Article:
This is part two of the anatomy lesson from the last post! A classic mistake we see on a regular basis with pleated sunburst accordion skirts has to do with the side seams and the center back zipper.
If you read my previous post titled Bias Skirts 101, you understand there are two ways to cut a full circle bias skirt. One way is to cut two half circles, one for the front and one for the back. Doing it this way would leave no margin for error since you can only put a zipper on the side seam and the grain lines will match up.
Below: A picture of two half semi circles. I placed the zipper in between to show its placement at the side seam.
The second option opens up a Pandora’s Box of problems…resulting in ripping and restitching over and over again. A back zipper is usually required with dresses or gowns. That means you will be cutting one half circle and two quarter circles. This way the two quarter circles can be used for the back and a zipper can be sewn in the center.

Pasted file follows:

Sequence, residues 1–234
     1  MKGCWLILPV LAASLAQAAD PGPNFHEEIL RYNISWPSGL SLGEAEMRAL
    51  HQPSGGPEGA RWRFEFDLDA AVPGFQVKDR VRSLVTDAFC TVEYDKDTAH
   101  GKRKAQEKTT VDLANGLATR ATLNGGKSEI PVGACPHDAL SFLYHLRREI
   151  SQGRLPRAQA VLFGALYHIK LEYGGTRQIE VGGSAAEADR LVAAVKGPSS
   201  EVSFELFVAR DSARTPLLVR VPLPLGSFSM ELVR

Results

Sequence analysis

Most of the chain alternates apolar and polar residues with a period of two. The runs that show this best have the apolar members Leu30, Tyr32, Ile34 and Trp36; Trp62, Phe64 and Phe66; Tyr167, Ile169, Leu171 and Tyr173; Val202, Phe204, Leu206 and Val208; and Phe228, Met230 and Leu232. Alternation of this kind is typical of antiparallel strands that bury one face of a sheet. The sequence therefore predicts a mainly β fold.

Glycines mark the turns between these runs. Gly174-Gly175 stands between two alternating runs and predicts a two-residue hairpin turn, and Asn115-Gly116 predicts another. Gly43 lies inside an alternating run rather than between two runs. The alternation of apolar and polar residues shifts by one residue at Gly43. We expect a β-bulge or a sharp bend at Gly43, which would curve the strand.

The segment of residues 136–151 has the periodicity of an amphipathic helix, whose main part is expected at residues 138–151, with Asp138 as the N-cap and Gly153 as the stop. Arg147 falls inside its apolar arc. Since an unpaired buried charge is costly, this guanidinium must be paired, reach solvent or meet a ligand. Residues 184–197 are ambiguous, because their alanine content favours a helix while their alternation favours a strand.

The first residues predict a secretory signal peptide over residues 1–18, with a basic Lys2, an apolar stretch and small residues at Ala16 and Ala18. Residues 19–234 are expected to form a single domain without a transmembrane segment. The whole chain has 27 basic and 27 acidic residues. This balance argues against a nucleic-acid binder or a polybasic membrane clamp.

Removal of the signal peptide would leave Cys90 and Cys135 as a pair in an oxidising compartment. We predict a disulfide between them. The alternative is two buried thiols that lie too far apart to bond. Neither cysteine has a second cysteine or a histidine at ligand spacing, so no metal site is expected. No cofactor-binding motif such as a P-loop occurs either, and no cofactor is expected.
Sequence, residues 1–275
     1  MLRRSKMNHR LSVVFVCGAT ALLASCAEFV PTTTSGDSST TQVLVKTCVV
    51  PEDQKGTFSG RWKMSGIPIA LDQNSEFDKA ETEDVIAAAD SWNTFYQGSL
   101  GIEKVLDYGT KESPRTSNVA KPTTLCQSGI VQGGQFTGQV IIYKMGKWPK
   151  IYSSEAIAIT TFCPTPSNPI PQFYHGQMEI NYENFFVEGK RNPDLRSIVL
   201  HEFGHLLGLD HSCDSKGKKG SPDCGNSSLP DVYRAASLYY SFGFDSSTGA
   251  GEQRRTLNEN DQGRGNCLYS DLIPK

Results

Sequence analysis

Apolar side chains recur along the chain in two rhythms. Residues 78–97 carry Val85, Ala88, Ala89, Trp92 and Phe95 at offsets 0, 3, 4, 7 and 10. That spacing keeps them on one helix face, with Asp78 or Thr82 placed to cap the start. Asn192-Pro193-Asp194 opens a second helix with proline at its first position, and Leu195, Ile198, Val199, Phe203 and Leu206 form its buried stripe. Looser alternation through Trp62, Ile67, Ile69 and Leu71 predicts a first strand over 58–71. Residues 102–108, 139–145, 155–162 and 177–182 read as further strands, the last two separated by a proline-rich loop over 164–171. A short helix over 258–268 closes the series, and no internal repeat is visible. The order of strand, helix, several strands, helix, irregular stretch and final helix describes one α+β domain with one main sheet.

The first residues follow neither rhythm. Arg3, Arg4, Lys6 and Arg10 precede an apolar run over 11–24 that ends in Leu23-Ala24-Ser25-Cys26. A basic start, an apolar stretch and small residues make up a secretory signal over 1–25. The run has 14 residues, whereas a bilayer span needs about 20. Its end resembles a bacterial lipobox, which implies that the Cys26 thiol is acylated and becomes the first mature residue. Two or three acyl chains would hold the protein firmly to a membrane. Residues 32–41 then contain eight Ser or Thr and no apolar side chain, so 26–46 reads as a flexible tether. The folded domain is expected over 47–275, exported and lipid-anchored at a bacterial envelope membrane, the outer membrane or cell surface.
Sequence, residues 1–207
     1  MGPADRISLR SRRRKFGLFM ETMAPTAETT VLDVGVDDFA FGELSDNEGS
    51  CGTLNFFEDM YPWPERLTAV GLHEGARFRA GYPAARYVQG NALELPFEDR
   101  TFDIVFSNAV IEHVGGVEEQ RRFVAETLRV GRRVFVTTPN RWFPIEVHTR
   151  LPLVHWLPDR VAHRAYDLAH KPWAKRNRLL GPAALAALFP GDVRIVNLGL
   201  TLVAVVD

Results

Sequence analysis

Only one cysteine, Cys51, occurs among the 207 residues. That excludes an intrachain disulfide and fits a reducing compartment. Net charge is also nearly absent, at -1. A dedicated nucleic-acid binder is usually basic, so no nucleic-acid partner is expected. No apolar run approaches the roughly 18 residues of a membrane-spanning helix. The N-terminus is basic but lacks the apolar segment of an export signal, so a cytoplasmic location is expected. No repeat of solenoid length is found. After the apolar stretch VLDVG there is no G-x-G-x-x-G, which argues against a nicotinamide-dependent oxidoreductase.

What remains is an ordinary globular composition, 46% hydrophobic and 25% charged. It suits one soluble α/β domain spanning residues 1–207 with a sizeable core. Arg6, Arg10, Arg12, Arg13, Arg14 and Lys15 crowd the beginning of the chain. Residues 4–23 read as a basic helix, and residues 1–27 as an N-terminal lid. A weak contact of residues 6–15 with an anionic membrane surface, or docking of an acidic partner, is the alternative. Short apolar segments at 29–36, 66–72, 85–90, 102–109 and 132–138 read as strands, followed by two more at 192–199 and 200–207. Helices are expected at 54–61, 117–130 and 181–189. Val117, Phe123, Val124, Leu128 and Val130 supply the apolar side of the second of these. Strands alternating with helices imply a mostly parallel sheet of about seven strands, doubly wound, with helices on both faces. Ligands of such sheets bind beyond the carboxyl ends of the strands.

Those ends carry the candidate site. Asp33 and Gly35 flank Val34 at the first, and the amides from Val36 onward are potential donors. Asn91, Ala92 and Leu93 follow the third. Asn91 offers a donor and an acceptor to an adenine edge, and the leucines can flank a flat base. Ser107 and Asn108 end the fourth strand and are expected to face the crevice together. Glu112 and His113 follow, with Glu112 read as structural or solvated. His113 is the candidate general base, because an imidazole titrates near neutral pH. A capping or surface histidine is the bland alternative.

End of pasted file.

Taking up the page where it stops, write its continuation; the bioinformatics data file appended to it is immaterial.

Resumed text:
Below: A picture of one semi-circle panel for the front and two quarter panels for the back.
Now here is where the problem begins. It is most common for people to sew the center back along the selvage edge of the fabric. This is the logical thing to do when you are cutting a garment on the grain. However, when cutting a bias garment or a circle skirt you need to account for all three grain lines.
So… if you sew a skirt with the selvedge edge along the center back (as shown above), the grain lines at the side seams will be perpendicular. Look at the BLUE lines below.
Below: Perpendicular straight grain.
To have the correct placement of grain lines at the side seams, make absolutely sure the selvedge edge runs along the sides and the cross grain runs up/down along the the center back.
Below: Notice the BLUE grain line runs in the same direction, as well as the GREEN cross grain.
Below: Close up of proper grain line placement at side seams.
The amount of frustration you will experience when you sew your garment can vary greatly depending on the type of fabric you use. Fabrics react differently depending on the situation so there is no fixed list of fabrics. Generally, stiffer fabrics like taffeta are less problematic than delicate silks. Fabrics that stretch more on the cross grain than straight grain are prime candidates. However, now that you have this information don’t take any chances. Follow the grain whenever you can and you will probably avoid countless hours of swearing at your sewing machine. If you have sewn a pleated skirt in the past and just realized this was your mistake, don’t feel badly. When it comes to pleating, many people are unaware of these techniques.